Am I an "At-Will" Employee?

Posted about 2 years ago. Applies to California, 2 helpful votes


In the absence of a written or oral agreement for employment for a specified term (e.g., 2 years) or employment terminable only for specific causes, an employee's employment is presumed to be terminable at the will of the employee or the employer: "An employment, having no specified term, may be terminated at the will of either party on notice to the other." (Lab. Code Section 2922.) Historically, this statute has been interpreted as granting the employer broad discretion, subject, of course, to several legislative and judicial exceptions to the "at-will" presumption, such as termination to prevent the employee from attaining benefits, for exercising his or her rights or engagement in a protected activity.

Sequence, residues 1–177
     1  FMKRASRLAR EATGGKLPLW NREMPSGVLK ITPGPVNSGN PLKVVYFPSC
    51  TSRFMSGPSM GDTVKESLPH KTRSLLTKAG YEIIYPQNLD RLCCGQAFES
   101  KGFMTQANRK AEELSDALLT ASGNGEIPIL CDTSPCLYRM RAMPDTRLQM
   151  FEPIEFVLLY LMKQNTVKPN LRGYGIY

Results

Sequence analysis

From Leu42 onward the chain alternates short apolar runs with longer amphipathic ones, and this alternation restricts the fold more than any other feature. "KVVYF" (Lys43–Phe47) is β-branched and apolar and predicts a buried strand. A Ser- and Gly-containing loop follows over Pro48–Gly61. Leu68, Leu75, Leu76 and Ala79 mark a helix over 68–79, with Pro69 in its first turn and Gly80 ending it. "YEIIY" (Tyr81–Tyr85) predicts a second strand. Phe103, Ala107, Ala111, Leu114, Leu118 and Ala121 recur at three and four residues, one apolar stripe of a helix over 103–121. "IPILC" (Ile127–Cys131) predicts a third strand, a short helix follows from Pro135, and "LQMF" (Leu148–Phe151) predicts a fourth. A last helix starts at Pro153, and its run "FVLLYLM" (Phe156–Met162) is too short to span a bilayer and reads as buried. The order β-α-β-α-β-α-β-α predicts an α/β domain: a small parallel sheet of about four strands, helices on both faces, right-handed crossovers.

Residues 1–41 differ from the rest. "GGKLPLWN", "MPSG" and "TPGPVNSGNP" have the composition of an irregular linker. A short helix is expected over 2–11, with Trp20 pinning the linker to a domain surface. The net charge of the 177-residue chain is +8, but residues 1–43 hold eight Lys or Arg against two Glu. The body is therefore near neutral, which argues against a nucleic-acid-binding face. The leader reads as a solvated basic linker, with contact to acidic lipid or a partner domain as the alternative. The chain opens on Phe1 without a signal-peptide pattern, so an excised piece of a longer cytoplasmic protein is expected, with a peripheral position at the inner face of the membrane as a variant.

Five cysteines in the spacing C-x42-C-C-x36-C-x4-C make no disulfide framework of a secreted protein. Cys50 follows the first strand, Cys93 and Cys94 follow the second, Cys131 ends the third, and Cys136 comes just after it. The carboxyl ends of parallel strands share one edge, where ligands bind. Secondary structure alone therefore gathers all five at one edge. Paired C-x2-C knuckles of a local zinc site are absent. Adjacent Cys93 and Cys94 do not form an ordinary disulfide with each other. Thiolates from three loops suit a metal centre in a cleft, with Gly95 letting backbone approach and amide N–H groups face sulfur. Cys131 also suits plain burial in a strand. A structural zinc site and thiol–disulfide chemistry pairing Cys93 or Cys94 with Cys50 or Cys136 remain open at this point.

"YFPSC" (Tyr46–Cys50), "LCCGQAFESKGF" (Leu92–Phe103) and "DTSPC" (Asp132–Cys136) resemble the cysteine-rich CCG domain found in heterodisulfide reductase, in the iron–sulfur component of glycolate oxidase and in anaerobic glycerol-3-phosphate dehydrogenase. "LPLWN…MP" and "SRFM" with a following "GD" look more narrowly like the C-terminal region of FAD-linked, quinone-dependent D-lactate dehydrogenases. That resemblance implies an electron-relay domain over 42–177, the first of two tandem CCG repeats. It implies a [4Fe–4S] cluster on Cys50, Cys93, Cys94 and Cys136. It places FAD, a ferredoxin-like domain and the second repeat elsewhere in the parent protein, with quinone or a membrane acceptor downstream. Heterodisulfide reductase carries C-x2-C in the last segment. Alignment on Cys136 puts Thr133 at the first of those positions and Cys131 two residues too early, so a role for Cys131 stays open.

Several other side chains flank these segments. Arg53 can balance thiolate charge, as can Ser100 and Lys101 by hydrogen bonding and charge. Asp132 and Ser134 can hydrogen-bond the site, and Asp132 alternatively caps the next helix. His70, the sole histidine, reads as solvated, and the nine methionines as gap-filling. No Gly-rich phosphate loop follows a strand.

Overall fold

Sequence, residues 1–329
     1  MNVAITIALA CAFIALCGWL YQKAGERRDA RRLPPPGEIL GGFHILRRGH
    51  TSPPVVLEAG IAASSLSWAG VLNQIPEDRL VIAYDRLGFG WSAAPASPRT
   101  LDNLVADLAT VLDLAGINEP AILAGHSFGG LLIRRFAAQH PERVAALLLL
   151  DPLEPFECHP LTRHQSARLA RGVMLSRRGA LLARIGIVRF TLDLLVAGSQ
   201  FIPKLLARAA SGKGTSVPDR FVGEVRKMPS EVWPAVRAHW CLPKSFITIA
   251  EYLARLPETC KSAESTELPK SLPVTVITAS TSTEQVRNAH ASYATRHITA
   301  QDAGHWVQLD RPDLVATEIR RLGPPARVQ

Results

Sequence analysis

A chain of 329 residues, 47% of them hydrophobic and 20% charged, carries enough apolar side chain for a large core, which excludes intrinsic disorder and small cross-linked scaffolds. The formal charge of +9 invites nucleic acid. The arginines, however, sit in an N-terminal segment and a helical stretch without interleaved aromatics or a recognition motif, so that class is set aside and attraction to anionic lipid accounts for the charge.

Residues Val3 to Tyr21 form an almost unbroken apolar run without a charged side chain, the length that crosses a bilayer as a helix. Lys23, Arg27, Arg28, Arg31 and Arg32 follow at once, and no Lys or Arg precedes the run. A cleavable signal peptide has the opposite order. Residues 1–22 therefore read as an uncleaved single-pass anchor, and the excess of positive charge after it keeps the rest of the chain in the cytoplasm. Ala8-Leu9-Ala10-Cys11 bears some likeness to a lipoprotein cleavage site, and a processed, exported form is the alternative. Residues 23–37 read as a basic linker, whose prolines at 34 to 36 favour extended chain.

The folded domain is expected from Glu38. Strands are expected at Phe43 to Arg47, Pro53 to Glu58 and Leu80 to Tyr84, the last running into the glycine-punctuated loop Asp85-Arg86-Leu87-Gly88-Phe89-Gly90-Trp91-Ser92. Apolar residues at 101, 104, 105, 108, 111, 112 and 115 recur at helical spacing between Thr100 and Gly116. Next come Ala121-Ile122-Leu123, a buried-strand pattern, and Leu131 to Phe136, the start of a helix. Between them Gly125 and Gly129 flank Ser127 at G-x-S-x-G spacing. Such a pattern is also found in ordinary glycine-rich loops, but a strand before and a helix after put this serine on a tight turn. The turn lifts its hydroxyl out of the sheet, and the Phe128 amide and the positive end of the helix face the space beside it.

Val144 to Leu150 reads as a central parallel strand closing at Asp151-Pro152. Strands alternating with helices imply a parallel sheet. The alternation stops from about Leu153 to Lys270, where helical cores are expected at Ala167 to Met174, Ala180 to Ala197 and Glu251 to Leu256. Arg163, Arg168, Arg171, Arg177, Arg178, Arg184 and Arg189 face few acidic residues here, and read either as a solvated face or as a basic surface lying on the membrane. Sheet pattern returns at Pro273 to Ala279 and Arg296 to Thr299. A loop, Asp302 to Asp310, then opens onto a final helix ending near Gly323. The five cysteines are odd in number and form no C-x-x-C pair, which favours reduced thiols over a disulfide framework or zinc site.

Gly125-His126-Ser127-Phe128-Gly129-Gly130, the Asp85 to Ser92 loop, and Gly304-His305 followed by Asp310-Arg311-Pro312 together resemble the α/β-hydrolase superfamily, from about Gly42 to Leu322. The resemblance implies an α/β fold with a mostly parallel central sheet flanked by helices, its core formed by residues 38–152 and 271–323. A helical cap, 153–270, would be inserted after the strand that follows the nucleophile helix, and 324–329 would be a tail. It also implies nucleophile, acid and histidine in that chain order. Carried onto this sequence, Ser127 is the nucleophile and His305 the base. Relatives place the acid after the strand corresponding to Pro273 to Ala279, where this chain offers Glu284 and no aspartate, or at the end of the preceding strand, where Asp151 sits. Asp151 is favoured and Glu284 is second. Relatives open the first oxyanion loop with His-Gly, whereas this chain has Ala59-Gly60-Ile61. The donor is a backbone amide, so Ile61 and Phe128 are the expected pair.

Practically speaking, most employees are at-will employees. This means, as an at-will employee, your employment can be terminated at any time, with or without cause, with or without meaningful notice. However, if you have concerns that you were terminated for reasons that are against the law or public policy, it is important that you speak with a labor and employment attorney right away.

Additional Resources

Lowenthal Law Office - Labor and Employment Practice

Rate this guide

Can't find what you're looking for? Ask a Lawyer

Get free answers from experienced attorneys.


Ask now

24,586 answers this week

3,051 attorneys answering